Two Poems by Stephen House


the rubbish pickers in my Indonesian area
work late every night
searching through bins and rubbish piles
to retrieve plastic
they load on to a cart

i see them if i get home late
or rise early at dawn
sometimes have a chat
or bring out plastic bottles
i save in my room

it has always made sense to take part in their work
as they make money from what i offer
and i’m somehow involved with their recycling
for the garbage situation here is grim

the last month i’ve noticed they now collect paper
i’m sure they didn’t before
so i ask two of them about it one morning at 3am
as i arrive back in my street from a bar

and in our combined two languages
me slightly drunk from beer
they tell me times are tougher than ever before
and the paper helps out a little

it is easy to forget
how difficult life is for some
and i’m reminded as they share
there are days spent hungry
and illness can’t be treated
as a doctor is unaffordable

and so now in my saving up refuse way
i keep all of my scrap paper for them
and take it out with my plastic bottles
as they shuffle in dark for their living

“recycling” first appeared in Dissonance Magazine

dead men’s clothes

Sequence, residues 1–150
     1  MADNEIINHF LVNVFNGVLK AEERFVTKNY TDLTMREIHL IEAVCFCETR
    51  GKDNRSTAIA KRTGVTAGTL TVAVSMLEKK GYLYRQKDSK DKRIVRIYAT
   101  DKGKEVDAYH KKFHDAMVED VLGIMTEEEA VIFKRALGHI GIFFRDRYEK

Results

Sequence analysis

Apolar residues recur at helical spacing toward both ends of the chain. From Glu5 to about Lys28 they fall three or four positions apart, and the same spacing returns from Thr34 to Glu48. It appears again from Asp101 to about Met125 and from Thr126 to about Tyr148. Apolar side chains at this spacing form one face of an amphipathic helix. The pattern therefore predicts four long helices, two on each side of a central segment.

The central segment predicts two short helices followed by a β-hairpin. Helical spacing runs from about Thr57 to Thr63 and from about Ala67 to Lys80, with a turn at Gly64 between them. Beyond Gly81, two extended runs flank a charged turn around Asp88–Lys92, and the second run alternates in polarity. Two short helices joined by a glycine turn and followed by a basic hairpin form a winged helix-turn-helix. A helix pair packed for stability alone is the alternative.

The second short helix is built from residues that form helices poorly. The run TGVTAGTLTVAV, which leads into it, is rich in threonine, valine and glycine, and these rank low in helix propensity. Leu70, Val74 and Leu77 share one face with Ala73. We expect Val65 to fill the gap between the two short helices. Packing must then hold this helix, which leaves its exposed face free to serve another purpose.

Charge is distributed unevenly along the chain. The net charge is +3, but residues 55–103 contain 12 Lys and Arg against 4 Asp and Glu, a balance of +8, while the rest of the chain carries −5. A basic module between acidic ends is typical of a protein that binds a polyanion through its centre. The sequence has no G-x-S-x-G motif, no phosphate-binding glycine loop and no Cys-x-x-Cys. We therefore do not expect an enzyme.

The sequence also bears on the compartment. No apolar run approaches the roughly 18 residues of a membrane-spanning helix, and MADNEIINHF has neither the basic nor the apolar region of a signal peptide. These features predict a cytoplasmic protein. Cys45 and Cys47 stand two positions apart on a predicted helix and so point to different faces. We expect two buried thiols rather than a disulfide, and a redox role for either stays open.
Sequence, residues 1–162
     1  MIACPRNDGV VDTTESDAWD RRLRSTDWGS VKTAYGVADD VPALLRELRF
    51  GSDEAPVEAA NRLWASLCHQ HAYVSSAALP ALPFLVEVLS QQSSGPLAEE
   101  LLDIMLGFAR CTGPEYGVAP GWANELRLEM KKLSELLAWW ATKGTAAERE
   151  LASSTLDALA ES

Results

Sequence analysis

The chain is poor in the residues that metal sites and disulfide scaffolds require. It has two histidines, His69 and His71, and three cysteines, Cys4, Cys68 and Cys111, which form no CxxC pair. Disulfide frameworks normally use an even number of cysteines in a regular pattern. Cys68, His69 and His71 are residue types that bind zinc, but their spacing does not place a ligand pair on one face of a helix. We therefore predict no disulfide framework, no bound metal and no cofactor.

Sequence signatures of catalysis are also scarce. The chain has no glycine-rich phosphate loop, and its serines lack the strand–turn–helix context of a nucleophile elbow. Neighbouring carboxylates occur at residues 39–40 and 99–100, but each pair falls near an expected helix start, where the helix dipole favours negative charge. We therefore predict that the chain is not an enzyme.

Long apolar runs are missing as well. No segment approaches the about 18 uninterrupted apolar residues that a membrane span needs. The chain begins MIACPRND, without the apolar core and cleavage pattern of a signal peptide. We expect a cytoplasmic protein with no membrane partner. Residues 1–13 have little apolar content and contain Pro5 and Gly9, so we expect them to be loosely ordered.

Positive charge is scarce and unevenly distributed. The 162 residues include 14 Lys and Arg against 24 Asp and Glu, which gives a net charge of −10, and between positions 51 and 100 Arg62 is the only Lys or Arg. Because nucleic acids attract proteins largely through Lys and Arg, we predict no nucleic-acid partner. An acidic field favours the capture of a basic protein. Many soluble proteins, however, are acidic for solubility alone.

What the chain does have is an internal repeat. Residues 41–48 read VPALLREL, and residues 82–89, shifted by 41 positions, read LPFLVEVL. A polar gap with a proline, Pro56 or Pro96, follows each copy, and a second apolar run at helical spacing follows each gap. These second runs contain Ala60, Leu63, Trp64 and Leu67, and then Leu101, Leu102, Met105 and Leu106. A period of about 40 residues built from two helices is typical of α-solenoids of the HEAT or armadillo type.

dead men’s clothes hang sadly limp
in a world of once-worn wares
beaten by time in her tin shed shell
she rubs her eyes
blinks twice
smeared pink lipstick
pasty rutted face
cloudy eyes in stance of age
acceptance of a sort

into her desert store of only what remains
i have come on my meandering way
threadbare fear of disintegrating middle age
another tick in time on a lonely icy day
muddled from substances
coming down
no room or bed tonight for me
or friend or family near

i try on a humble vest of era long gone
add a coat of wool in olive grandpa green
she smiles slight a knowing hint
at where i may have roamed to be
fingers sleeve with bony stroke
no one comes here anymore she says with only gaze
once it was different she breathes silently

thrift-shop queen won’t see me pay
gives sincerely her woven generosity
holds lost dreams in wrinkled brow
set in stone her quiet tenacity

our brittle selves meet and we freeze within our haze
knowing well our own mortality
reality of humanity probably

i am warm now walking on my never knowing way
through another vacant dustbowl extremity
i slow to stop
glance back
now safe in mothball tweed
she waves from pebbled path
stepped outside of her reality
and in my dead men’s clothes i signal back a simple nod
another moment wise
wandering and alive

“dead men’s clothes” first appeared in The Blue Nib

Stephen House has won many awards and nominations as a poet, playwright, and actor. He’s had 20 plays produced with many published by Australian Plays Transform. He’s received several international literature residencies from The Australia Council for the Arts, and an Asialink India literature residency. He’s had two chapbooks published by ICOE Press Australia: real and unreal poetry and The Ajoona Guest House monologue. His next book drops soon. He performs his acclaimed monologues widely.

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